Step 3: The Control Loop

Choose the Flow sensor based on the tap diameter. The model used in this project is a Hall-effect type sensor (YF-S201) in a transparent casing. It has a rotor in the middle that rotates when there is water flow. It outputs pulse signals that can be counted to determine flow and also the flow rate if required.

1. Connect the +5 VDC and GND lines to the Arduino's input power pins.

2. Next, connect the +5 and GND lines of the Flow sensor to the Arduino's output power supply pins. (The flow sensor can also be directly powered from the DC converter)

3. Connect the Digital Pin 12 to the +VDC port of the Relay and GND to the -VDC port of the Relay. This will be the control signal.

4. Connect the Digital Pin 2 to the Data line of the Flow sensor

Step 4: Plumbing

This involves simple plumbing. A cutting plier and a piece of cloth will be handy.

  1. Attach the flow sensor to the new hose.
  2. Connect the sensor hose to the existing water line.
  3. Ensure the arrow mark on the flow sensor is the same as the water flow direction.
  4. Make sure there is no water leak in any of the Joints.

The plumbing work is done if you can see the rotor inside the flow sensor rotating when you turn On the hot water tap. (Not possible if the sensor case is not transparent, just wait till you fix the Arduino to sense it)

It is recommended to have the sensor positioned vertically for maximum sensitivity. It also works in horizontal orientation but the sensitivity (flow required to turn the rotor) is reduced.

Step 5: Program the Arduino

This project can be done by any of the Arduino boards. I initially used an Uno board and then moved to a Micro due to its compact size.

The logic to be implemented is really simple.

  1. Monitor the Flow sensor for pulses which indicate the flow.
  2. At the detection of the smallest flow, trigger the control signal via a Digital pin.
  3. Continuously monitor the pulses
  4. If the pulses from Sensor stop, turn OFF the control signal

The photo was taken when I was Calibrating the control parameters with Live data to determine system parameters like Delay and Flow sensitivity. ;)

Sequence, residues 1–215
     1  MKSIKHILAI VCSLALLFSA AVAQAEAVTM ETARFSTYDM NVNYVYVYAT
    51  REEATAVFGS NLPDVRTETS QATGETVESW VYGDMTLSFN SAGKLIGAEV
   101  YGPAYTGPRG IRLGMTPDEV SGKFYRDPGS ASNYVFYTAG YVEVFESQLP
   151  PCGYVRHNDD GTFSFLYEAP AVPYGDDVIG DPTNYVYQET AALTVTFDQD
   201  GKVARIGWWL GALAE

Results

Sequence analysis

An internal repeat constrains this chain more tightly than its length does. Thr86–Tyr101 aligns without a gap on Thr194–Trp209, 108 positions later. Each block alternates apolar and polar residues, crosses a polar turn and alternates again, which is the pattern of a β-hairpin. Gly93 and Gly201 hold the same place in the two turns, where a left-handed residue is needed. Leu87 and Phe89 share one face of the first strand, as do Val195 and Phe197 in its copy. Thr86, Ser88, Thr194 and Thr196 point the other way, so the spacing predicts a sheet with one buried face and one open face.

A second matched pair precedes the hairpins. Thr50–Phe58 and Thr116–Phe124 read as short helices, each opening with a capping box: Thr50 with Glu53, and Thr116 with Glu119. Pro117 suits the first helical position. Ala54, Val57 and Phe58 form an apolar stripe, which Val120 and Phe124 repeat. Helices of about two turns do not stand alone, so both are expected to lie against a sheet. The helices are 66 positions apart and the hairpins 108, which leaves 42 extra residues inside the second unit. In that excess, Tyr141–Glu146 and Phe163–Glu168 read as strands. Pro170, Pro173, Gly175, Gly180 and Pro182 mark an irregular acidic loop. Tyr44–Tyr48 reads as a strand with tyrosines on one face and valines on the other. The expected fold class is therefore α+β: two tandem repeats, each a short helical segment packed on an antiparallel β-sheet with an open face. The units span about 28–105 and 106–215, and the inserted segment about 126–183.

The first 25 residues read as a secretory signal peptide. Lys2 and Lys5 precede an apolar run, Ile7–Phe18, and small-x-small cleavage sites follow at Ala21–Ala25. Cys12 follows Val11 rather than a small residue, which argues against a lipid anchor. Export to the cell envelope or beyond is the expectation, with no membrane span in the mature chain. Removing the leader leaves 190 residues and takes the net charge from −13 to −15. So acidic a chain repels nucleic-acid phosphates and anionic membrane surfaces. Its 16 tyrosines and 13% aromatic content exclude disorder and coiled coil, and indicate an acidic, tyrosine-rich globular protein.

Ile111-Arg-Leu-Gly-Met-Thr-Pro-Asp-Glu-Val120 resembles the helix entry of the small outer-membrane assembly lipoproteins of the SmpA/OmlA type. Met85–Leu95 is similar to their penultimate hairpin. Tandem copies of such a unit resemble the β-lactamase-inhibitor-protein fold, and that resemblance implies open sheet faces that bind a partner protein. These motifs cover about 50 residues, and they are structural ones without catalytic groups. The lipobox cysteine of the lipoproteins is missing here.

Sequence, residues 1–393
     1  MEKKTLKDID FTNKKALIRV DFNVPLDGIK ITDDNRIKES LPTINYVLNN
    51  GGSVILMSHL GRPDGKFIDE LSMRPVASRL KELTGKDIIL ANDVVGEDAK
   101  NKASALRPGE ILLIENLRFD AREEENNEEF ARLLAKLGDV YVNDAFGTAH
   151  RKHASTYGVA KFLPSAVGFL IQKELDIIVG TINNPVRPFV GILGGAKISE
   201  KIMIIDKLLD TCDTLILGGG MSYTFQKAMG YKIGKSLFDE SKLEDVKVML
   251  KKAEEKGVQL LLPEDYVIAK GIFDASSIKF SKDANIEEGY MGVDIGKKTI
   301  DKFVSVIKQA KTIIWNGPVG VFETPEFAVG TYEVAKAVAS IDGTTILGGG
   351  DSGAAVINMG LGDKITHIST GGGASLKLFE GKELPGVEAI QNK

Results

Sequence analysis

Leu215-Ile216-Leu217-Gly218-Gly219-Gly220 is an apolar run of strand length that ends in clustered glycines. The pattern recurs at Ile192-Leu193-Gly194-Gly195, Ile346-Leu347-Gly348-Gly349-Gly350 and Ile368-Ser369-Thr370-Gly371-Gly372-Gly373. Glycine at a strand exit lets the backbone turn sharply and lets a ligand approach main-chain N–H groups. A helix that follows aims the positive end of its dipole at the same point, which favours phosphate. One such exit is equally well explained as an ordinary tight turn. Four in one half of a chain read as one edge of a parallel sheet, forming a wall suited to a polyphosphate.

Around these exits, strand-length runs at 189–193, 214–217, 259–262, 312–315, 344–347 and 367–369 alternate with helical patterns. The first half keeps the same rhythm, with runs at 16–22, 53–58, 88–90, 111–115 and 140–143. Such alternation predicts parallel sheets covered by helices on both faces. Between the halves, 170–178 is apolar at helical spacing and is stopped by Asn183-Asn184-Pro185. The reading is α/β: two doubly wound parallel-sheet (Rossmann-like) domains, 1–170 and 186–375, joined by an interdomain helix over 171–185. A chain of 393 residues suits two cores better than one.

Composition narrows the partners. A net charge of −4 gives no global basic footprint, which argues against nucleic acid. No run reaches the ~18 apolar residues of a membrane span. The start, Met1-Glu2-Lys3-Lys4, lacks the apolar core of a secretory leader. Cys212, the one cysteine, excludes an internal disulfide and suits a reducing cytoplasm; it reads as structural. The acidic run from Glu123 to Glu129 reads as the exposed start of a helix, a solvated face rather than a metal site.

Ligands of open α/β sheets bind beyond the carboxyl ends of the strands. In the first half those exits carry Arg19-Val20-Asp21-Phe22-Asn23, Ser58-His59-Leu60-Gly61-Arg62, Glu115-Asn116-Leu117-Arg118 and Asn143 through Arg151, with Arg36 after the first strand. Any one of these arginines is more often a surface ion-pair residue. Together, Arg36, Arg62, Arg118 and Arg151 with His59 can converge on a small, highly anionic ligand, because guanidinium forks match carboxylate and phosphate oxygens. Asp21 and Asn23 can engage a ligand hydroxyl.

/*Connect Vcc (red) and Gnd (black) of flow sensor to arduino, and the signal line to arduino digital pin 2.(Yellow wire from sensor)*/

byte sensorInterrupt = 0; byte sensorPin = 2; int RelayPin = 12;

/* The hall-effect flow sensor outputs approximately 4.5 pulses per second per litre/minute of flow*/ float calibrationFactor = 4.5;

volatile byte pulseCount; unsigned long oldTime;

void setup() { Serial.begin(9600); pinMode(13, OUTPUT); pinMode(RelayPin, OUTPUT); pinMode(sensorPin, INPUT); digitalWrite(sensorPin, HIGH); pulseCount = 0; oldTime = 0; //The Hall-effect sensor is connected to pin 2 which uses interrupt 0. // Configured to trigger on a FALLING state change (transition from HIGH // state to LOW state) attachInterrupt(sensorInterrupt, pulseCounter, FALLING); }

void loop() { if((millis() - oldTime) > 2500) // Only process counters once per 2.5 second { // Disable the interrupt while calculating flow rate and sending the value to // the host detachInterrupt(sensorInterrupt); if(pulseCount == 0) { digitalWrite(RelayPin, LOW); digitalWrite(13, LOW); // for the inbuilt LED in the Arduino } else if (pulseCount > 0) { digitalWrite(RelayPin, HIGH); digitalWrite(13, HIGH); // for the inbuilt LED in the Arduino

} oldTime = millis(); Serial.print("Pulse count"); // Print the Pulse count for debugging


// Reset the pulse counter so we can start incrementing again pulseCount = 0; // Enable the interrupt again now that we've finished sending output attachInterrupt(sensorInterrupt, pulseCounter, FALLING); } }

/* Insterrupt Service Routine */ void pulseCounter() { // Increment the pulse counter pulseCount++; }

Step 6: Test the System and Enjoy Your Bath!!

I hope you have managed to get all the things working. It is a very simple project but will be very handy when you need it the most.

Now, it is up to you to cleverly package all the components in such a way that there is no entry for water/moisture on the electronics and the electrical system.

I suggest keeping it covered in a plastic or wooden box with enough ventilation for the Relay.

The photos show the full system in order with an AC to DC converter and an Arduino micro.

This is my first Instructable and I thank the community for inspiring me to write my own. I look forward to feedback on improving the system and the post as well.


Vivek Devaraj